AgTech: Building The Robo-Farm
The agricultural industry adopts new technology in the face of change
It’s no secret that the global jobs market is saturated – but not, it would seem, if you want to be a farmer. In 2016, UK farm labour saw a 17 per cent shortfall. The following year, this number had increased to 29 per cent. In 2018, the situation was expected to deteriorate. In the US, the agricultural sector appears to face the same problem. Without enough workers, farmers are forced to leave crops unharvested, cutting output and therefore income. What appears to be a global labour shortage has been attributed to governmental failure to attract workers from abroad. Whatever the reasons, farmers are looking to disruptive solutions. So what does this mean for AgTech, and for the industry as a whole?
Workers in demand
The demand for employees in the agricultural sector is a prime example of how sociopolitical climates can influence technological adoption. Californian berry growing company Driscoll’s, for example, has installed a strawberry picking machine in direct response to the need for labour. Across the globe, farms of all scales are using automated systems including drones and self steering tractors. While the struggle to find employees has certainly encouraged the application of these innovative solutions, it has been equally motivated by a desire to boost productivity and ease the often difficult job of farming.
Iron Ox, based in San Francisco, is building an 8,000 sq ft autonomous farm run by robots. Mechanical arms carefully pick individual plants, and robotic ‘movers’ transport hydroponic trays around the facility. The farm’s software system, ‘The Brain’, monitors nitrogen levels, temperature, and hydration. The Brain also tracks the robots, enabling them to collaborate. The ultimate goal is to remove humans from the equation entirely.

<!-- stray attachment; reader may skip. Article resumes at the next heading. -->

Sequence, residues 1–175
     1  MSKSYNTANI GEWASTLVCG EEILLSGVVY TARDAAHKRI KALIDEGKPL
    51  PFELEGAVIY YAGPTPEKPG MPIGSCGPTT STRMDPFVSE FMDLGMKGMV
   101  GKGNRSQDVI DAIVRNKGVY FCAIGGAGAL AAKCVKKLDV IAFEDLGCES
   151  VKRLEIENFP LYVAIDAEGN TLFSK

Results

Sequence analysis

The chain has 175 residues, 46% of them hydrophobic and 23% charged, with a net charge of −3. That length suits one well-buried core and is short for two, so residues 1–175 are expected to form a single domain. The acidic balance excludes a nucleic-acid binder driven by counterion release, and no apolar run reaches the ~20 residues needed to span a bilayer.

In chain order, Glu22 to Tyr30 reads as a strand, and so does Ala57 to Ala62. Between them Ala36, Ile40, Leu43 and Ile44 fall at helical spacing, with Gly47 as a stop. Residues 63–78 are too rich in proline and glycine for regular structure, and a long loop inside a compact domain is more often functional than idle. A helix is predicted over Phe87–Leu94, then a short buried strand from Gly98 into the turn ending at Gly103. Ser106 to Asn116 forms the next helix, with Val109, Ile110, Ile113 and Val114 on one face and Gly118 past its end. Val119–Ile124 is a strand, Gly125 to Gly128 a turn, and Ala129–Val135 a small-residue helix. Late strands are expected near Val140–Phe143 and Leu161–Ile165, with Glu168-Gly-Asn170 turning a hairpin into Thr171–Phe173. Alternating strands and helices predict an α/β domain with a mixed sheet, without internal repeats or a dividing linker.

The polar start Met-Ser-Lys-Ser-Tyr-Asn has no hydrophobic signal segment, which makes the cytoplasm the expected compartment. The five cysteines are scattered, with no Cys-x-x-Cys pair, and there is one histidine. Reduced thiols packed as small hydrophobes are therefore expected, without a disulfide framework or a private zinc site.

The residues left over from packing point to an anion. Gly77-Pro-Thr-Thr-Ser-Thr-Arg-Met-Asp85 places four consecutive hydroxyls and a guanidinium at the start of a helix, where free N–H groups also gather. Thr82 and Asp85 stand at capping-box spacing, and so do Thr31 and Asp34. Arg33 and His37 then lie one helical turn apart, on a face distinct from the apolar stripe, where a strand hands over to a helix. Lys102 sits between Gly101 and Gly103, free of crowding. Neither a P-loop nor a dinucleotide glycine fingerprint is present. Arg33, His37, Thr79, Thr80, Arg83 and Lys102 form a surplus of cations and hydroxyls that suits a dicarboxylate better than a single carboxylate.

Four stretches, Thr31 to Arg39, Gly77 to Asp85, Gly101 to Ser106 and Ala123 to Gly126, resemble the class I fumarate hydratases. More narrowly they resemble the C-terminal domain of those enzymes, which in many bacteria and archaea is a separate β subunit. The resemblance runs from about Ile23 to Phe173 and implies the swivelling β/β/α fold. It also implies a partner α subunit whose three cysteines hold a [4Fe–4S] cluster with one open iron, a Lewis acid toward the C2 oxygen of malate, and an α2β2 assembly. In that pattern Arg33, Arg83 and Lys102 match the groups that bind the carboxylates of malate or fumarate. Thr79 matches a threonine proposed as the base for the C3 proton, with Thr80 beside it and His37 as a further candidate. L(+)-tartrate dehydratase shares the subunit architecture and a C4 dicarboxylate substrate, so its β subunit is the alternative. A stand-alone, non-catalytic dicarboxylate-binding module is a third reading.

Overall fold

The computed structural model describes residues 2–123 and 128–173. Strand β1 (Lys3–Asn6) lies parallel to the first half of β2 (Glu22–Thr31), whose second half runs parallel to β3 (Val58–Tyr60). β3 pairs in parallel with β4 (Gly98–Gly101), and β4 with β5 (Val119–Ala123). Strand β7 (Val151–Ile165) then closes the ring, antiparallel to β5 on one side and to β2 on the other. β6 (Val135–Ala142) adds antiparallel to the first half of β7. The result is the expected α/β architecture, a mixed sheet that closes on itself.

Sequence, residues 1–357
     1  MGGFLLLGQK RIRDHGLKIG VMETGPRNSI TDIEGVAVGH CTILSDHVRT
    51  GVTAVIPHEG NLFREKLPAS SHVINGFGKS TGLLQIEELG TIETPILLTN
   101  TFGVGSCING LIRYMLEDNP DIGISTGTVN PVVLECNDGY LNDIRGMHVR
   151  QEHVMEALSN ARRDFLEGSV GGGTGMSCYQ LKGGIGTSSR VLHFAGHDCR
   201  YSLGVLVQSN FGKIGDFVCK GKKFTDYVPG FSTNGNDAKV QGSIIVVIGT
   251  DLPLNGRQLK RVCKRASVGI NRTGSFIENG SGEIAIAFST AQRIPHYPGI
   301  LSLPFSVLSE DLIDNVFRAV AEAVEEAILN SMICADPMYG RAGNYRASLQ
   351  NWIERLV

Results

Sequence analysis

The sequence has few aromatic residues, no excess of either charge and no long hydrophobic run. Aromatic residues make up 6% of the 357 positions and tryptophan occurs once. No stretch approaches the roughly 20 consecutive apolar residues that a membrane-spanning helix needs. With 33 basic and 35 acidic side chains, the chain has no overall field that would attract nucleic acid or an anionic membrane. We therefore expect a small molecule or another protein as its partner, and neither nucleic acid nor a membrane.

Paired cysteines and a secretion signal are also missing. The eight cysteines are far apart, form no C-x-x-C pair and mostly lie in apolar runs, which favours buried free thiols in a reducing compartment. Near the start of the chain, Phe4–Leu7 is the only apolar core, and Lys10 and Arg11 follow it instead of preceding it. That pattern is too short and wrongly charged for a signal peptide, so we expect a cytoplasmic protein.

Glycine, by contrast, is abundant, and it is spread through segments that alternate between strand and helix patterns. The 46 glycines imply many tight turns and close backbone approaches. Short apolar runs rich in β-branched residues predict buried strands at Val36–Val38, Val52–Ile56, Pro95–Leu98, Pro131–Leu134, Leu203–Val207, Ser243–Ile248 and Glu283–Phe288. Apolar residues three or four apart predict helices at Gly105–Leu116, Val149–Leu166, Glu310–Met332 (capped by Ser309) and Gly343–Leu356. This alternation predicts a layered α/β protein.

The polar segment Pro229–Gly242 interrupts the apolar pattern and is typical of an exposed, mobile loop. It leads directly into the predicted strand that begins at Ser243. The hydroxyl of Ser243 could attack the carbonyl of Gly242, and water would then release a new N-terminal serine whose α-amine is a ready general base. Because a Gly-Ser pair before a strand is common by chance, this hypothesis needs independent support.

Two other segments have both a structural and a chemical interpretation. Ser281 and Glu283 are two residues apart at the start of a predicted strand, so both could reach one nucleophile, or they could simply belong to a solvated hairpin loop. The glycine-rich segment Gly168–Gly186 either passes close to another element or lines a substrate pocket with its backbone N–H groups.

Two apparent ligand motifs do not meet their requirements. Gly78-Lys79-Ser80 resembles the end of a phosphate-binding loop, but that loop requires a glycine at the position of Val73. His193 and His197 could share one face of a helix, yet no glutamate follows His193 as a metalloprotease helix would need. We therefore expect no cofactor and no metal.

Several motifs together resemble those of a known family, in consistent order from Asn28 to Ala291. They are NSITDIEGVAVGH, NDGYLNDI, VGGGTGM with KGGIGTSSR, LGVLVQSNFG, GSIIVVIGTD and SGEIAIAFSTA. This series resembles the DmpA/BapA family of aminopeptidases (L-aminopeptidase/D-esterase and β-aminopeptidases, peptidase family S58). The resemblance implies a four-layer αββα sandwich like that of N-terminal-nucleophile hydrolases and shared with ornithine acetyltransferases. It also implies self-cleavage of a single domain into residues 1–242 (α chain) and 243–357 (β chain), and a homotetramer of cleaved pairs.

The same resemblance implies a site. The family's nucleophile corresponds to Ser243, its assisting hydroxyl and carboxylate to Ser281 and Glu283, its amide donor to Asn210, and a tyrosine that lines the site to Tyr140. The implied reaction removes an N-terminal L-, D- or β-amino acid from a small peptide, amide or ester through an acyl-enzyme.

Iron Ox is just one of the companies that are redefining what we think of as a typical farm while bringing agriculture closer to urban areas. Vertical, indoor farms, for example, can be placed in city locations because they are built layer upon layer, making use of hydroponics and precision farming to maximise output. The simple tracking of soil quality means that less fertiliser needs to be used. Biotech startup Pivot Bio has developed a microbial spray that makes plants better at absorbing nitrogen from the earth. Farming, as one of the oldest industries in the world has needed to be receptive to many new technological advancements. Being open to change and innovation puts us in a better position when it comes to feeding the whole world.
Sowing the seeds of change
As well as addressing the labour lapse, affecting productivity, and making farmers’ work easier, automated farming will positively influence the quality of produce. Iron Ox, for example, wants to grow produce closer to cities so that customers don’t have to compromise on freshness. Data collected by robots and other smart solutions can be used to ensure optimal conditions for growth, demonstrating how to get the best results. There are obvious challenges surrounding the development of systems that can reliably look after produce, but getting them up and running is only the first hurdle. Automated farming doesn’t come cheap, and in order to make a real difference companies need to be price competitive. AgTech may even have to contend with unfavourable public opinion. This summer, the EU ruled that CRISPR crops are to be classified as genetically modified organisms (GMO). This could divide opinion and influence the uptake or lack of CRISPR edited produce.
This new wave of AgTech is a fundamental part of mainstream farming, from drones that monitor crops to huge hydroponic trays full of spinach. Automated agriculture has already made it much easier for farmers to carry out their work. Farms can grow more produce using fewer resources like land, fertiliser, soil, time and effort. They will, however, have to pay for the privilege – which is why smaller companies like Iron Ox have a difficult task ahead of them. Fortunately, the exponential adoption of technology in the sector means that farmers won’t be labouring to find workers for much longer… Not human ones, anyway.
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